Subscribe free to our newsletters via your
. 24/7 Space News .

Sunrise Two launched
by Staff Writers
Lindau, Germany (SPX) Jun 14, 2013

After the launching vehicle had transported the solar observatory Sunrise to the launch pad, the empty balloon was laid out behind the vehicle. (Credits: MPS). For a larger version of this image please go here.

The balloon-borne solar observatory Sunrise has lifted off - and will now begin its unique journey to the active Sun. The balloon-borne solar observatory Sunrise has lifted off successfully from Esrange Space Center in the north of Sweden. Tuesday at 7.37 a.m. CEST the launching vehicle released the gondola and the huge balloon lifted Sunrise into the sky.

Ever since in the past week the last ground-based tests had been completed, the team has been waiting for favorable weather conditions. Last Thursday a first attempt to launch had to be aborted, because the wind had suddenly grown stronger.

Polar winds will now grasp balloon and gondola and in the next days carry both westward around the North Pole in a traveling height of more than 35 kilometers. The solar observatory Sunrise carries the largest solar telescope ever to have left the Earth's surface. During the whole flight, the telescope will turn its unique gaze on the Sun.

At around 2 a.m. CEST the huge launching vehicle picked up Sunrise from the large experimental hall, that has been harboring the solar observatory in the last two months, and brought it to the launch pad. After the empty balloon had been laid out, the weather continued to hold and mission control gave its final consent to start filling the balloon with helium.

During ascent, the balloon will expand and finally reach a diameter of approximately 130 meters. Accompanied by the team's applause, Sunrise started to climb into the sky over Esrange Space Station near Kiruna in the north of Sweden at 7.37 a.m. CEST.

"The weather conditions are decisive for launching", Prof.

Dr. Sami K. Solanki, the mission's scientific head and director at the MPS, explains. "Sunrise can only safely reach its travelling height, if the winds in the air layers below blow only very lightly. This is especially important on the first few kilometers".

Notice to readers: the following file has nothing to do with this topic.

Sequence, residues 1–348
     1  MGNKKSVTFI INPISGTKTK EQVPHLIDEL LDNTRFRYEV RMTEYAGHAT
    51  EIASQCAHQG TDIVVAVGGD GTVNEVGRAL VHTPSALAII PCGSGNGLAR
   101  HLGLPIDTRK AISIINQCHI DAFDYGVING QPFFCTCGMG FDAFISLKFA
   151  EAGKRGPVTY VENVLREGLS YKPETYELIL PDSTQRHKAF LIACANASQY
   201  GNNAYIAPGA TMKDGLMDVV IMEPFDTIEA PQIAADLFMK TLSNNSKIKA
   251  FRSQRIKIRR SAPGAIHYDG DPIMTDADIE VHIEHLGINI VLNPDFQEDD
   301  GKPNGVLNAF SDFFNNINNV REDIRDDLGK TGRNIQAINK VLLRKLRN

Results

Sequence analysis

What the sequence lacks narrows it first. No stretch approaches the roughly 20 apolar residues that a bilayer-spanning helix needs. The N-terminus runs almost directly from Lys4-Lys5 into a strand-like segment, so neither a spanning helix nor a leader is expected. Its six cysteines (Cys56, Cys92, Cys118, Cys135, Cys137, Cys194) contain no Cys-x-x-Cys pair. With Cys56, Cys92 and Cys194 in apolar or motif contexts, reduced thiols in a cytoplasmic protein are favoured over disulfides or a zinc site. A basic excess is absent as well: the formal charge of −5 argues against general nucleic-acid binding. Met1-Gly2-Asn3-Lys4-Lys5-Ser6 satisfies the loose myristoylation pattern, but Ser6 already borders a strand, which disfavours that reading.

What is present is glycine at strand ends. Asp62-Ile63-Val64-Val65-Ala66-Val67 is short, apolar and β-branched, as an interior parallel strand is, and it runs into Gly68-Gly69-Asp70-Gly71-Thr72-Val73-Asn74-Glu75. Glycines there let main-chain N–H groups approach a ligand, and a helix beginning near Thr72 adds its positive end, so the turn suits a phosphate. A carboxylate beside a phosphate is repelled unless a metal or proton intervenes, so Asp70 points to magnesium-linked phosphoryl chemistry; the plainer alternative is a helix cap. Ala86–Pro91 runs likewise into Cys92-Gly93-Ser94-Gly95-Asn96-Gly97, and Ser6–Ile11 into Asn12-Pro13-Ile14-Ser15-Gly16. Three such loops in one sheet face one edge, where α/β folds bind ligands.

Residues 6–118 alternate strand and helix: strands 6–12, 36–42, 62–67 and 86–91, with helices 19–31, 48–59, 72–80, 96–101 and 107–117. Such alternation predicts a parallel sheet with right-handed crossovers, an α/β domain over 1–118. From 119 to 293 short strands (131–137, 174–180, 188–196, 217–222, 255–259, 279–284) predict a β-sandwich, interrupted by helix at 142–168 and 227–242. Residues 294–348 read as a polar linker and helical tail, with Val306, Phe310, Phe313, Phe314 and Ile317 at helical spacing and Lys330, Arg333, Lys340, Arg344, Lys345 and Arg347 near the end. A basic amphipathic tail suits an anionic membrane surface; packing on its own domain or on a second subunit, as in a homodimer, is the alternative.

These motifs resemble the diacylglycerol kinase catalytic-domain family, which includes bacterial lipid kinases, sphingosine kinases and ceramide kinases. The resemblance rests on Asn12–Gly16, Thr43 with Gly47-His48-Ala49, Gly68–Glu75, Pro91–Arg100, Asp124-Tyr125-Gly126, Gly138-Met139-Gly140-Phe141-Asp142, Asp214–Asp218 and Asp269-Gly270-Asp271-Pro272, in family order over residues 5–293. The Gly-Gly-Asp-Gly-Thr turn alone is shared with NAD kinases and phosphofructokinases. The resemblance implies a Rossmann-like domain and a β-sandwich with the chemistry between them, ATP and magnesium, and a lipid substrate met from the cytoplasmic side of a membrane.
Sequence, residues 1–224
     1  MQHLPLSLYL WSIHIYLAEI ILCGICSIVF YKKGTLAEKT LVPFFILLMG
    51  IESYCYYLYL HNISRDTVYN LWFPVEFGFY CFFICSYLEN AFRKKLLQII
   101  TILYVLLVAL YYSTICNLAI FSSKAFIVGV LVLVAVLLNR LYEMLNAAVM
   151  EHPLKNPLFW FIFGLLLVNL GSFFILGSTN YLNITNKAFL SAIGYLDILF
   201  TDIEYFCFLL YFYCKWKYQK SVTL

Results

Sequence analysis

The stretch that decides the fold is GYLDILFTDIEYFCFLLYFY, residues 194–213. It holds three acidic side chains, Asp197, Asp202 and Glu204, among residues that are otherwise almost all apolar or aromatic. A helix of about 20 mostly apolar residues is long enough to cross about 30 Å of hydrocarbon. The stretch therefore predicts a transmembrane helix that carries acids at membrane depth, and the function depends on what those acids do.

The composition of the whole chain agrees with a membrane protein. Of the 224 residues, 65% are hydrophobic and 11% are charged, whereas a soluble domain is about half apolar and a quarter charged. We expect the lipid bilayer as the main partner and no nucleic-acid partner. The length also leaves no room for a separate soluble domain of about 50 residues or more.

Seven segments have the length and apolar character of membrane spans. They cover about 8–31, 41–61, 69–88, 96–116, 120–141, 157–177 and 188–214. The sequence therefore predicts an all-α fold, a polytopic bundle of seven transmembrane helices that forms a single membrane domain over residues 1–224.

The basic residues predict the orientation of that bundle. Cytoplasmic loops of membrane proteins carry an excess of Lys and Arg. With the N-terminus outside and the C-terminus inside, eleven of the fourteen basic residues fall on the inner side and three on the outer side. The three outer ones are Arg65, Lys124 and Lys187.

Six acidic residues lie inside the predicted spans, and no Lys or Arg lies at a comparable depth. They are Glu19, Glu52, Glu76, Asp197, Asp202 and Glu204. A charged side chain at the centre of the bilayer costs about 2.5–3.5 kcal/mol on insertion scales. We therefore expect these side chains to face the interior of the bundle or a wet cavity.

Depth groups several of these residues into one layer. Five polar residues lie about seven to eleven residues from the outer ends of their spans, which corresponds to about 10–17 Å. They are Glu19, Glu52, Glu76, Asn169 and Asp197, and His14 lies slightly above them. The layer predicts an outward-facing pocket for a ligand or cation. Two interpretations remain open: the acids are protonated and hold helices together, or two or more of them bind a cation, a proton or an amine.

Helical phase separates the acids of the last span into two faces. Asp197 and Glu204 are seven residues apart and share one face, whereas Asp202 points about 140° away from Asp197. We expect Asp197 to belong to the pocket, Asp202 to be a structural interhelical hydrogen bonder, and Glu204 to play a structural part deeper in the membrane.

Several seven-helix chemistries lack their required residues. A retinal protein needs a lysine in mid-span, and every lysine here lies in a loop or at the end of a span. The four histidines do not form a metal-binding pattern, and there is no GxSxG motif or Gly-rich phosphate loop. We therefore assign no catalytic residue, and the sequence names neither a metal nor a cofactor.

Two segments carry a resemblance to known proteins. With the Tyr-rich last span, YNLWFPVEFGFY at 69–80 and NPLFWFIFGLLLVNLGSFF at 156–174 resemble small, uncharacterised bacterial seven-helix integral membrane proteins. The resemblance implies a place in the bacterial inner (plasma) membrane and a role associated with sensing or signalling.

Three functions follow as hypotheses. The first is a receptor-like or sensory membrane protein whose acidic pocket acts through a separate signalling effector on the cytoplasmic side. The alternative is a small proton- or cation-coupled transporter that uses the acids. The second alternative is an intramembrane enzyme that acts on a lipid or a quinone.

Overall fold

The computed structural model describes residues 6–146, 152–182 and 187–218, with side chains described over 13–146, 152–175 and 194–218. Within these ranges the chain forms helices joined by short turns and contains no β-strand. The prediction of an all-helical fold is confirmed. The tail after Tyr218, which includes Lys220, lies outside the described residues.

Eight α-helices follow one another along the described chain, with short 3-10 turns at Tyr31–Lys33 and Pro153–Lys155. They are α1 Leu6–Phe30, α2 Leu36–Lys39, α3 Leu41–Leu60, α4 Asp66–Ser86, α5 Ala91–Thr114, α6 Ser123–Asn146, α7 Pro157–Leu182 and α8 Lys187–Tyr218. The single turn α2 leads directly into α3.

Since in a height of 35 kilometers the winds are currently quite strong, the Sunrise-team is anticipating a rather short flight time. After four or five days, the observatory could already reach the north of Canada, where it will land with the help of a parachute.

Until then, the Sunrise-team intends to use every second to turn Sunrise's unique gaze on the Sun. Apart from the telescope Sunrise carries further scientific instruments on board that will study the Sun's magnetic fields with high resolution. Scientists assume that these fields hold the key to many unsolved mysteries of solar physics. For example, it is still unclear, why the Sun's activity changes in an approximately eleven-year-cycle.

Currently, the Sun is in a state of high activity. In this phase the Sun's magnetic fields are especially dynamic and time and again the Sun hurls radiation and particles into space in violent eruptions.

Four years ago, Sunrise embarked on its first mission and was able to discern the smallest magnetic structures on the Sun's surface, the building blocks of the magnetic field. However, at that time the Sun remained in an unusually long activity minimum.